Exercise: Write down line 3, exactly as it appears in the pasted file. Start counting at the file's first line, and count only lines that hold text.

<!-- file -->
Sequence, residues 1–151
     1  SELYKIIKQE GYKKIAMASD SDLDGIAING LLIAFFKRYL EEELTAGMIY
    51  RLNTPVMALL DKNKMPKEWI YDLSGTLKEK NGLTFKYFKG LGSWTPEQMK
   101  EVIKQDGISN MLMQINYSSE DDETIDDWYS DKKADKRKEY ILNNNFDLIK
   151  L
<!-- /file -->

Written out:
    51  RLNTPVMALL DKNKMPKEWI YDLSGTLKEK NGLTFKYFKG LGSWTPEQMK